The problem, Kali, is that there’s no such thing as “without any external restrictions”. There are always boundaries, constraints, incentives, disincentives, and so forth; there is no state of nature.

    I think that is taking the words “natural” and “artificial” too literally. Of course, any social system will always have constraints etc. But, over and above that, sometimes there are legal and social systems that deliberately encourage or discourage, allow or disallow something. Those are the “external restrictions” I am talking about.

  23. 23
    Nick Kiddle says:

    But, over and above that, sometimes there are legal and social systems that deliberately encourage or discourage, allow or disallow something.

    There are so many fuzzy terms here that I can’t see how the argument is anything other than subjective. How do we decide what is “over and above” what is inevitable with any social system? Where is the definition of what constitutes “encourag[ing]” or “discourag[ing]” something?

  24. 24
    nik says:

    “Where is the definition of what constitutes “encourag[ing]” or “discourag[ing]” something?”

    I suspect “Bitter Scribe” would say someone along the lines that you’re not discouraging divorce at a point when everyone who wishes to leave a marriage can. If you accept that line of reasoning I’m not sure you can encourage a divorce (at least in terms of framing divorce law), people who are in happy marriages don’t get divorced.

  25. 25
    Hershele Ostropoler says:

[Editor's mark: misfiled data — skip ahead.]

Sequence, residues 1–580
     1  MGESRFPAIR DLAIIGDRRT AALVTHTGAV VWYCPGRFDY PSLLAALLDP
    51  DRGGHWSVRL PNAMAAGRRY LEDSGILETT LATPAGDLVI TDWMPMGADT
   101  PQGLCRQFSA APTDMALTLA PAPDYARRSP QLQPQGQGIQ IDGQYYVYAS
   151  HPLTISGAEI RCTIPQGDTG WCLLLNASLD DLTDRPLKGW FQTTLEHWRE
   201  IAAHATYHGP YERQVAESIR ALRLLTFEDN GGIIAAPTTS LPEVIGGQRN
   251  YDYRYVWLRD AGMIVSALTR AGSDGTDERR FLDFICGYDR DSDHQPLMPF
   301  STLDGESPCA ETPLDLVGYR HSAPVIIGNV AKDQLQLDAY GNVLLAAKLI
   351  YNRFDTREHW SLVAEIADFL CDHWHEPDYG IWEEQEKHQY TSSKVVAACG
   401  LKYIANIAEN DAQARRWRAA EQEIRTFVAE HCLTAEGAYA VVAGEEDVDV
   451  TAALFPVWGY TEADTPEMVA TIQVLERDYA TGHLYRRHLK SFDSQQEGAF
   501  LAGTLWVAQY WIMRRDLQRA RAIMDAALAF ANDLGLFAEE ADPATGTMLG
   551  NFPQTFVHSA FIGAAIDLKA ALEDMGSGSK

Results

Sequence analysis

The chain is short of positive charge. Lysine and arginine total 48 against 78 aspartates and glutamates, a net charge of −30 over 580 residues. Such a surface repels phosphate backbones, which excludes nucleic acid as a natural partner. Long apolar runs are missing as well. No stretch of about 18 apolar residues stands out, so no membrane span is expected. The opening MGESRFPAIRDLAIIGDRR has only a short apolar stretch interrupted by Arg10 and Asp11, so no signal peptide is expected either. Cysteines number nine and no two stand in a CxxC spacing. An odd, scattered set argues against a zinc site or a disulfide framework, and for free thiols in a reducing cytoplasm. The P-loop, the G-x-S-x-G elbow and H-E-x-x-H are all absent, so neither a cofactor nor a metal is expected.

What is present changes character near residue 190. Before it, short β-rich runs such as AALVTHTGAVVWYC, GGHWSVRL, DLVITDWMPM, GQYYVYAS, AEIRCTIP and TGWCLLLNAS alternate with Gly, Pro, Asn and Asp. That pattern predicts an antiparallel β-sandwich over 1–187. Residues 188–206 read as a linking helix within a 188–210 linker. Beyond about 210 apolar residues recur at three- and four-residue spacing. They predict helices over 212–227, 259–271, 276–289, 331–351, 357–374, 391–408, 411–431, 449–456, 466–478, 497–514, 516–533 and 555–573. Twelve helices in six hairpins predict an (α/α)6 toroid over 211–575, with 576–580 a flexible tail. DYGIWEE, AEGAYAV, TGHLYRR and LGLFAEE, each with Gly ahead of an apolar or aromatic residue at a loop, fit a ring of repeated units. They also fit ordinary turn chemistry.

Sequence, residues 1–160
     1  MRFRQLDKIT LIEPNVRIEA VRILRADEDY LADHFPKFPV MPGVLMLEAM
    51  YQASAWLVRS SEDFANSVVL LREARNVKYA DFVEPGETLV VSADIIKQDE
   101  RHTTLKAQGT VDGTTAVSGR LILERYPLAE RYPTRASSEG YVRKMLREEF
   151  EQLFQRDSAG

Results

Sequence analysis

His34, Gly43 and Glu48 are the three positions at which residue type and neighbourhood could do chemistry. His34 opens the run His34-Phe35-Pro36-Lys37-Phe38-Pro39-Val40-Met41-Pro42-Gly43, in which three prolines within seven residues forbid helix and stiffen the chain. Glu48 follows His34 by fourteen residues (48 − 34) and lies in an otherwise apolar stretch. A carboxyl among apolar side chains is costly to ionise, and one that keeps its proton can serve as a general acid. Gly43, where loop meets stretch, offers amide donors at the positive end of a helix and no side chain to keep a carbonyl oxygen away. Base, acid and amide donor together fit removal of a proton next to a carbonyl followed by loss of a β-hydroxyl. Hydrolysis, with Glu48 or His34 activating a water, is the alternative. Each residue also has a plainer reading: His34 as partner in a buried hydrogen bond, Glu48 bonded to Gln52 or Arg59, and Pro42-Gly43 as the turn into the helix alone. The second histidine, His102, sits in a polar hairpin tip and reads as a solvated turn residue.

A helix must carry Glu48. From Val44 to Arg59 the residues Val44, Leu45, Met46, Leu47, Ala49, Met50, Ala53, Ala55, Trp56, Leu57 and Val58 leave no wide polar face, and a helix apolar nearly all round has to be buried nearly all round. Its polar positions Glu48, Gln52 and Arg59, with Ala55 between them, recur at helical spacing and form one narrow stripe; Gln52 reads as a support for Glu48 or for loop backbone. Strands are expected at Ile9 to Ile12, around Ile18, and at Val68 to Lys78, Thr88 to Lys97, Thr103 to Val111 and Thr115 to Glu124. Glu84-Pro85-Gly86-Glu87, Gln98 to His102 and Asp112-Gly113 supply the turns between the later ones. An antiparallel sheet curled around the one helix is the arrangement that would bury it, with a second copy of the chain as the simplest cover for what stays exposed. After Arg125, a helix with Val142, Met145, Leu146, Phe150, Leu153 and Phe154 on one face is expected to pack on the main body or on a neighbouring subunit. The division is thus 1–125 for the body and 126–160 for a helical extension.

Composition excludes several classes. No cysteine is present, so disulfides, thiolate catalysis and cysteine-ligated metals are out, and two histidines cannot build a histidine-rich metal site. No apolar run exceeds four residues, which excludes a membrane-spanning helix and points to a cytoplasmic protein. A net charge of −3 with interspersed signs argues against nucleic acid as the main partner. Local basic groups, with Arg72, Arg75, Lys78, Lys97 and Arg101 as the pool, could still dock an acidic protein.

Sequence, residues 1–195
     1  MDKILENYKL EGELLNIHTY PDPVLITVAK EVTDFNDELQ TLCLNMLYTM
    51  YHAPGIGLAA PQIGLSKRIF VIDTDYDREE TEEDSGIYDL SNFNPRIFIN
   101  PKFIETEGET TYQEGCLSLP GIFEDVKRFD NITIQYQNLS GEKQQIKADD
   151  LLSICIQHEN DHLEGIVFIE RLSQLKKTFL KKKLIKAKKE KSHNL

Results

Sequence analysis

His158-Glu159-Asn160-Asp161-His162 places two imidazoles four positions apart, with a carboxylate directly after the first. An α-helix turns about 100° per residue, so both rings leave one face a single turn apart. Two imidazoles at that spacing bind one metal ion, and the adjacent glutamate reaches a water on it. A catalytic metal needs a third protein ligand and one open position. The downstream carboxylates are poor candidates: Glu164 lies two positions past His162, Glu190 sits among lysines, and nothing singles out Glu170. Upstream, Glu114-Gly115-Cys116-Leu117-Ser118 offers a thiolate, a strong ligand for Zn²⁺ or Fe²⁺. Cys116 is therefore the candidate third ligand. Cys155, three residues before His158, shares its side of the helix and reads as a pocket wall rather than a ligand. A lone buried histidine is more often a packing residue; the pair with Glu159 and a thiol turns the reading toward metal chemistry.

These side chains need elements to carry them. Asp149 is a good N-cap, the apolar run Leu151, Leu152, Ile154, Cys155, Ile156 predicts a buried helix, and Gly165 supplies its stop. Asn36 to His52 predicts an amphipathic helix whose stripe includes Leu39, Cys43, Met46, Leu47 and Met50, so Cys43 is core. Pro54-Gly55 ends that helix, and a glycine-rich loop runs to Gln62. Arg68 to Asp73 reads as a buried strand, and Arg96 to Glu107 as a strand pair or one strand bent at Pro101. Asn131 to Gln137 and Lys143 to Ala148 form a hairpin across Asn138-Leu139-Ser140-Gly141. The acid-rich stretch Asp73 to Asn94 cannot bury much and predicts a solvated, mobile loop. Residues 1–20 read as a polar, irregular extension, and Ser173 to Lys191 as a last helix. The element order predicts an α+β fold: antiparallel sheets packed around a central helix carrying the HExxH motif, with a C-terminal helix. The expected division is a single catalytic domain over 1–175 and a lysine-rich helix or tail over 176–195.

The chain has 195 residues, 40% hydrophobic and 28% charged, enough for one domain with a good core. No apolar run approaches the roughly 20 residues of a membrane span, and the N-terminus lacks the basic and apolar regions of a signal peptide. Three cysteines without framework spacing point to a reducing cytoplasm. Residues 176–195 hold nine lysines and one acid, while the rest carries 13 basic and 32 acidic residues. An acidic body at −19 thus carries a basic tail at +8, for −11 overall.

How many couples break up without ever getting married? I agree with the suggestion that we need some sort of secular form of pre-Cana, but I think we’re doing pretty well. I suspect the proportion of committed couples — I’m using “committed” to mean “if they stopped seeing each other, it would be called ‘breaking up'”–who uncommit before one of them dies is greater than the proportion of married couples who divorce before one of them dies.

  26. 26
    Bitch | Lab says:

    A little behind here. Saw this last week, replied and then realized it was way too long for a comment post. A Bitch gets carried away.

    I just pointed out at my blog, though, that I think the claim Bitter Scribe made was pretty reductive.

    1. There is a correlation between white women’s movement into the paid labor force and rising divorce rates.

    2 Correlation is not causation however.

    3. Human social life is far more complicated than that, so one variable never explains the variation. Amp is very klewed to this one, which is why I love this blog. Warms my cold sociologist’s heart, it does.

    4. One of the most interesting things that I wrote about was Elaine Tyler May’s findings in ‘Great Expectations,’ that, at least in the 1920s, even tho work opps for women were expanding, particularly among the white middle class, who were increasingly see it as legit to go to work in order toearn “extras,” the bulk of reasons given for divorce in the records was that men failed as providors. Women launched divorces actions sometimes because the felt they had to work to obtain the life they thought they deserved.

    5. Also, while May also showed how fear of the Cold War threat was used to keep women at home in the 50s — a contributing factor some think in artificially lowering the divorce rate. As the graph shows, the “supression of the divorce rate wasn’t as huge as it’s been made to seem by Bitter Scribe’s language. Rather, it was more a continuation of a long term trend. It can also be made to look like a severe depression when you cut off the humbers for the decades prior. Why? Becasue there was a huge post-war spike in divorces. A trendline would eliminate those oddities — an oddity caused by a highly unusual situation, WWII.